In Beijing, empty office buildings are sprouting across the capital of China. This is a result of oversupply of skyscrapers due to the easy credit extended to land developers.  Therefore, the banks in Beijing are also facing a high risk of bad loans. If the property market plunges, it will be accompanied with an escalation of NPLs. 2. 3 Impact of policy On Jan 20 Chinese banking authorities have asked some main banks to curb their lending for the rest of the . Meanwhile, for nonstate-owned lenders
like Citi Bank and Everbright Bank, the Central Bank asked them to increase their reserve requirement ratio by half a percentage point. It is the first time of China’s central bank to raise bank reserve requirements since June 2008. The direct cause of this action is the surge of new lending. Chinese banks doled out a record 9. 6 trillion yuan ($1. 4 trillion) in new loans last year. The lending surge, combined with Beijing’s 4 trillion yuan stimulus plan helped kick-start the economy after a late 2008 slump, but aroused fears of overheating.
 Also, consumer inflation has accelerated significantly in December. All this has triggered a series of intensifying policy by Central Bank to rid the financial system of excess cash that can fuel inflation and asset bubbles. Regulators, worried about potential inflation, asset bubbles and bad loans, feel they must set limits on total credit growth, but by doing so they create incentives for banks to churn out loans quickly to gain as much of the industry quota as possible. 2. 3. 1 Positive impacts China’s banking system is healthy despite last year’s explosive growth in credit.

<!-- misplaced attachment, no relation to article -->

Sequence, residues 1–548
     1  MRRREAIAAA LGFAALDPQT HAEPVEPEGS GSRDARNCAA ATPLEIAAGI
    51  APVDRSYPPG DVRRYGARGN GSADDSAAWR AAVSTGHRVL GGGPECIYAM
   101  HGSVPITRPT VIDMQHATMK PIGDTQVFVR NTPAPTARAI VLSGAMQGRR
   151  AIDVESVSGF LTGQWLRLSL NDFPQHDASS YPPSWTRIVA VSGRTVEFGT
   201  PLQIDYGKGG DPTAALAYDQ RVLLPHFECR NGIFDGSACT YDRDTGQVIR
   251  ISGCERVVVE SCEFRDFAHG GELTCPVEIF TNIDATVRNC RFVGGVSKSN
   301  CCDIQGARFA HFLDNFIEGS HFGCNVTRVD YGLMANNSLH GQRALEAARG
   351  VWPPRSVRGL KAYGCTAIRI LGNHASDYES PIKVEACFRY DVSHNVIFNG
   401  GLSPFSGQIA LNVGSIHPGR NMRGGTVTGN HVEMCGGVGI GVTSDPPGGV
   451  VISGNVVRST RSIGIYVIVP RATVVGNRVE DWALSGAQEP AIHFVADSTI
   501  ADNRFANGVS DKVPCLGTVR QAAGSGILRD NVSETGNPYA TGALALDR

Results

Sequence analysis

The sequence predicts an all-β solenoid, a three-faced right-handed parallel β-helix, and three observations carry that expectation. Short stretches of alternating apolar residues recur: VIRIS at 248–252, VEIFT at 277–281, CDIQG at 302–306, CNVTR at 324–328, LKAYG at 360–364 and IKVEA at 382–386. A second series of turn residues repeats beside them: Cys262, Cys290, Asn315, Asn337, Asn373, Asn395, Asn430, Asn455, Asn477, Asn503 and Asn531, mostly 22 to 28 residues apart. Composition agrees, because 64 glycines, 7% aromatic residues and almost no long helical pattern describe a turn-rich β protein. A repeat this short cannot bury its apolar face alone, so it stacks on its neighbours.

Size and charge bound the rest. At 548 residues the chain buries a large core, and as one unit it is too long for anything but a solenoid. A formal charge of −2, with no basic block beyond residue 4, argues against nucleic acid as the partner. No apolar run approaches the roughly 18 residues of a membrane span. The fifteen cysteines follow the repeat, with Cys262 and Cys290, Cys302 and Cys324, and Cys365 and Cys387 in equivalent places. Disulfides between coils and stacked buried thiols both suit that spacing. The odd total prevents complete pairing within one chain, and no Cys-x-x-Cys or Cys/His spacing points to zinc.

So the authorities controlled the growth in credit with the instruction of curbing loans. Regulators were paying special attention to loans for local government projects and real estate. All banks have been ordered to “heighten their vigilance against an impossible, embedded credit risk,” Liu said. New leverage and liquidity restrictions would be imposed, he added. This action has not changed the government’s stance of a tight credit but a loose monetary policy, nor has it changed the prospects or the expected the timing of hikes of the central bank’s benchmark deposit and lending rates.
It helps the Central bank continue to control the pace and amount of credit supply. And the decision to raise the proportion of deposits that banks must hold in reserve is a small first step toward reducing the massive stimulus provided to its economy. The Chinese authorities were acting preemptively to handle with the increasing risk of a bubble in the property market and inflation. Just last week, China raised its capital reserve requirement for banks for the first time since June 2008 in an effort to drain excess cash from the financial system.
Earlier in the month, the central bank raised the interest rate on its three-month bills for the first time since August 13 and has been jacking up the rates on short-term bills to absorb liquidity. The reality is that liquidity remains very ample in the Chinese banking system; and credit has to remain strong in China this year to finish the on-going projects.  By moving now to tighten loose lending and deal with other negative side effects of an aggressive fiscal and monetary policy adopted during the global crisis, the central bank has achieved the goal of control the problem with inflation and property bubble.
2. 3. 2 Negative consequences With the announcement of curbing lending, China stocks drop 2-3 percent, led by bank shares. Worries over the impact of lending curbs knocked Shanghai’s benchmark index . SSEC down 2. 7 percent, weighed on the rest of Asia-Pacific and hurt the Australian dollar. Shares of Bank of China and China Construction Bank traded in Hong Kong tumbled 4 percent.  Lending in the first 10 days of 2010 was strong, after domestic media said that banks dished out 600 billion yuan ($87. 9 billion) in new loans in the first week of the year alone.